In the beginning, there was email
Web-based collaboration tools and strategies has been one of my professional passions for a decade now. Beyond that I always thought it was cool, I started telecommuting in 2000, so needing easy and complete solutions was high on my priority list.
Over the years, I think I’ve tried nearly all the solutions around with varying degrees of success and failure. Almost always success or failure has been determined by either the willingness of the team to adapt and change or the ease of use of the tool. Even a tool that has the potential to save time, money, even your precious sanity will fail if it isn’t intuitive and easy to use.
Can blog engines provide a solution?
I had played with the original Prologue theme when it was launched about a year ago. It was pretty useful then, but I didn’t have something to apply it to (not that I didn’t try to use it). I had heard and seen demos of the successor P2 and thought that there was some potential, but I didn’t get it until I read Matt’s post about how Automattic uses P2 internally: How P2 Changed Automattic — Matt Mullenweg
The part that brought it all home was the video:
Now that’s when the light came on. I saw a lot of potential there. It would be great to be able to have our team at M2O use it to update projects, scripts and ideas. The problem was that if I wanted it to be most useful it needed to be on the public Internet, but still private to just us. Being able to update/use it from iPhones and Blackberries would be important, and I wanted to add a little twist using Twitter. So here’s how I did it:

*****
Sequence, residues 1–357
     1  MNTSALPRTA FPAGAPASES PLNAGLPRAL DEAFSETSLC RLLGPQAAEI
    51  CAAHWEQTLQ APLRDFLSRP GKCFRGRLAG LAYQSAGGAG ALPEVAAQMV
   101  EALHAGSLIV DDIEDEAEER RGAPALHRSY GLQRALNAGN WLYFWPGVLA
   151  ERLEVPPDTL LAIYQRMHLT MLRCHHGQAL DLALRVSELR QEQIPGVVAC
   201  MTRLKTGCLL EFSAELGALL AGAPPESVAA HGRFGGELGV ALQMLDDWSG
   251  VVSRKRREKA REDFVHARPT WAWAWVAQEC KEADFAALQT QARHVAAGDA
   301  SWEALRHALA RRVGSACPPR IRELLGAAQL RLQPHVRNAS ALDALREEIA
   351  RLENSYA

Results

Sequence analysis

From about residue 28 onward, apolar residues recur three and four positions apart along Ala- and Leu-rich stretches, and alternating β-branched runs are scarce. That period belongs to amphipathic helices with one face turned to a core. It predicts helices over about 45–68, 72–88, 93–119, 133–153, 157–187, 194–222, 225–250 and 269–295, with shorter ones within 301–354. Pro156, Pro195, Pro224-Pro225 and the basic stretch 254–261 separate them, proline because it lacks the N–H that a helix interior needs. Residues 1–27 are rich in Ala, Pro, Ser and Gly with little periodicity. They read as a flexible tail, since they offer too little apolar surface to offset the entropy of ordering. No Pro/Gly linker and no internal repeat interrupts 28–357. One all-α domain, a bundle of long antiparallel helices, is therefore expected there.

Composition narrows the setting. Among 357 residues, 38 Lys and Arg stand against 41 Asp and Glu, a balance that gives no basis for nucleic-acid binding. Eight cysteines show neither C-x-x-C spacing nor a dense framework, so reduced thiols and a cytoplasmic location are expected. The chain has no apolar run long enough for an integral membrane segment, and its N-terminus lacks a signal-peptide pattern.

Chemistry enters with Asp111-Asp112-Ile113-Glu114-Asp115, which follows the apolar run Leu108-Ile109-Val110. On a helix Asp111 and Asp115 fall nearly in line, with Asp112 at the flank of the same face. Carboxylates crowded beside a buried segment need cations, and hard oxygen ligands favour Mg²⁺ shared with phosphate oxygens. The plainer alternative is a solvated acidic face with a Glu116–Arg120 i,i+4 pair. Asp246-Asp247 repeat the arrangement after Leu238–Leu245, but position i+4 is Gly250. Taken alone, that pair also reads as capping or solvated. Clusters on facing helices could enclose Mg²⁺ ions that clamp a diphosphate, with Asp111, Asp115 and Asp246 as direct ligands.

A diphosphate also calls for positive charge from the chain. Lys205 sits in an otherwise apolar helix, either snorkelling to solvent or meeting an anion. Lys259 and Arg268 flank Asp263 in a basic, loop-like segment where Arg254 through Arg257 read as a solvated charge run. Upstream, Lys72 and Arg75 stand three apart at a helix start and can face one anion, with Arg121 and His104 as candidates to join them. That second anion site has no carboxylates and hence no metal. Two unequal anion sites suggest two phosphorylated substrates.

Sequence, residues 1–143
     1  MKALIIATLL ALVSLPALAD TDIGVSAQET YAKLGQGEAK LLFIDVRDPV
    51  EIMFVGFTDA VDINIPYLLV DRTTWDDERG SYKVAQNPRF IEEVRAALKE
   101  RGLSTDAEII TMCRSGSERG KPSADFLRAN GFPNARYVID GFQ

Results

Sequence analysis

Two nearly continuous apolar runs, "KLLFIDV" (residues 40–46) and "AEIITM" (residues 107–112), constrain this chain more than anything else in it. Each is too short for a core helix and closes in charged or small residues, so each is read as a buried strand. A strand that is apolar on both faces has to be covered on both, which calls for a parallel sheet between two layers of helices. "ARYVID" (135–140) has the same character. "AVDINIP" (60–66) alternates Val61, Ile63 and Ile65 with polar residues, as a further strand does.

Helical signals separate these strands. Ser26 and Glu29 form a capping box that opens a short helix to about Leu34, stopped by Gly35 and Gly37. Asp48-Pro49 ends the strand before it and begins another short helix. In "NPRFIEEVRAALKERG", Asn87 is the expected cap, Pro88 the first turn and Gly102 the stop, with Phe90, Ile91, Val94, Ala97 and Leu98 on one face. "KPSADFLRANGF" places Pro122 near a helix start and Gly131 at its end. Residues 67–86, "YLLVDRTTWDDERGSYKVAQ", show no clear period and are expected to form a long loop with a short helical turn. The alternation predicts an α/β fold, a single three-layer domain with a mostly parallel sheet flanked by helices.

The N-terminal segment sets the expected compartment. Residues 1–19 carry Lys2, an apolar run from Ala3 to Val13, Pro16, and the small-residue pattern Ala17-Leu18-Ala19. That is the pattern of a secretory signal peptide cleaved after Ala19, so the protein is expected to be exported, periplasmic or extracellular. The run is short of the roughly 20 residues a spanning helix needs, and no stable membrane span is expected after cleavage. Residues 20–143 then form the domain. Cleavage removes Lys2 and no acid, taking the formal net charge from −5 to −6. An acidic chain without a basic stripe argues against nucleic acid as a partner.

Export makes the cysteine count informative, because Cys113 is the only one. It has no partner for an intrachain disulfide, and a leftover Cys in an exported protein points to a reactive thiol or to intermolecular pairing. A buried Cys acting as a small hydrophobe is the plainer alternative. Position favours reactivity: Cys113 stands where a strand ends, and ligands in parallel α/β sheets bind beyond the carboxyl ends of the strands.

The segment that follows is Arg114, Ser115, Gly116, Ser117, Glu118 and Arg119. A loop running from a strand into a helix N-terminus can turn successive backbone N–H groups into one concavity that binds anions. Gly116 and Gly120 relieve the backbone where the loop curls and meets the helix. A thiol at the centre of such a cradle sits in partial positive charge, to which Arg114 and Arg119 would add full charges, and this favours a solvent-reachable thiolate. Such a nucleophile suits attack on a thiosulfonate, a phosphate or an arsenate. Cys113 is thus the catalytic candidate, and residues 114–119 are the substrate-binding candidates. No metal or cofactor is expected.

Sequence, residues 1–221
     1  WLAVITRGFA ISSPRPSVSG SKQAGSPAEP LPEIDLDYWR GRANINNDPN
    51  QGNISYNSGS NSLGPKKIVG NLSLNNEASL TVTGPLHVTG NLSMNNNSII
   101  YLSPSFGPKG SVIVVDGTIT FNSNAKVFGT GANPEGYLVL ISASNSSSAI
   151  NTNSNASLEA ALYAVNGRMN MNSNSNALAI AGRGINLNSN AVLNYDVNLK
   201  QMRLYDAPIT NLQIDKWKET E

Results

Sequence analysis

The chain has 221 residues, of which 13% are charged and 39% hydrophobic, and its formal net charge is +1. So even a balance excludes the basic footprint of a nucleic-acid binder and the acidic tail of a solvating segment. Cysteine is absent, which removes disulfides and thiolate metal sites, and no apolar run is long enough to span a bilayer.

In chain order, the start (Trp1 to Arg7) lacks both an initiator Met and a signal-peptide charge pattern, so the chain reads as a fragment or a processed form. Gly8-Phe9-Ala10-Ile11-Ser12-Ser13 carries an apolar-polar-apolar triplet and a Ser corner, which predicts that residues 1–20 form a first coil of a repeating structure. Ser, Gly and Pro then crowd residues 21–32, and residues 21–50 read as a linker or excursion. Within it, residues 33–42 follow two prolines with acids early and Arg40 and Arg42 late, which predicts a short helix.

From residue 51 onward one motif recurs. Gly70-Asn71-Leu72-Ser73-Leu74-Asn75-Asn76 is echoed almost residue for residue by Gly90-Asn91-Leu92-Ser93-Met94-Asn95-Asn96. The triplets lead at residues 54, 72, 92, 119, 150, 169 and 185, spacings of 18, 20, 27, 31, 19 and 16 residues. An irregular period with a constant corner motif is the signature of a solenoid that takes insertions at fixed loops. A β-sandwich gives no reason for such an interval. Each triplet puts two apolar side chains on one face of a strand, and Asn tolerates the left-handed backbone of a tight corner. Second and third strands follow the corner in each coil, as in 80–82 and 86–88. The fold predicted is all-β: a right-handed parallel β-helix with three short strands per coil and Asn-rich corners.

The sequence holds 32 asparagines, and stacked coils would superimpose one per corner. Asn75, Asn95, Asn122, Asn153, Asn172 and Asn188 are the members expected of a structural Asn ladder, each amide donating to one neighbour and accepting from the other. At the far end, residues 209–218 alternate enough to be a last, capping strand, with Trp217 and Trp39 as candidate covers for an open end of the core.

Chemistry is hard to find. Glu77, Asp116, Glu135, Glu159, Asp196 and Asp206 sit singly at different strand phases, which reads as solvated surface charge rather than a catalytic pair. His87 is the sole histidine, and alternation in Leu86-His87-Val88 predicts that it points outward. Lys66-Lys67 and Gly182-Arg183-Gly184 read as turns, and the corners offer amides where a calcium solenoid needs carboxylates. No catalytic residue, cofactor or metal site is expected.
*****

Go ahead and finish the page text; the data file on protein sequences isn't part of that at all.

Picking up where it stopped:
- Basic WP 2.7.1 install
- P2 theme
- Registered Users Only plugin
- WordTwit and WPTouch plugins from my friends at Brave New Code
That’s it. Okay there is one more thing. I set up a Twitter account with its updates protected to post updates to from the blog. This way the team can be updated via Twitter, but the tweets aren’t public.
Will it work?
I think P2 is about as easy as it can get. It even highlights for you the new items since your last visit. It can stand alone using Prism or Fluid to make it an “app”. What’s left? What’s missing? Getting the team to accept and use the tool. Since I think there is a lot of potential here for projects, classes, updates, and messaging I’m going to keep at it in hopes that I can get some momentum.
There are some special tweaks I’m going to look into, but that is another story.
Interested in my P2 collaboration solution? How would you improve on it? What’s missing? Would you use it? Ah so many questions, but that’s half the fun isn’t it?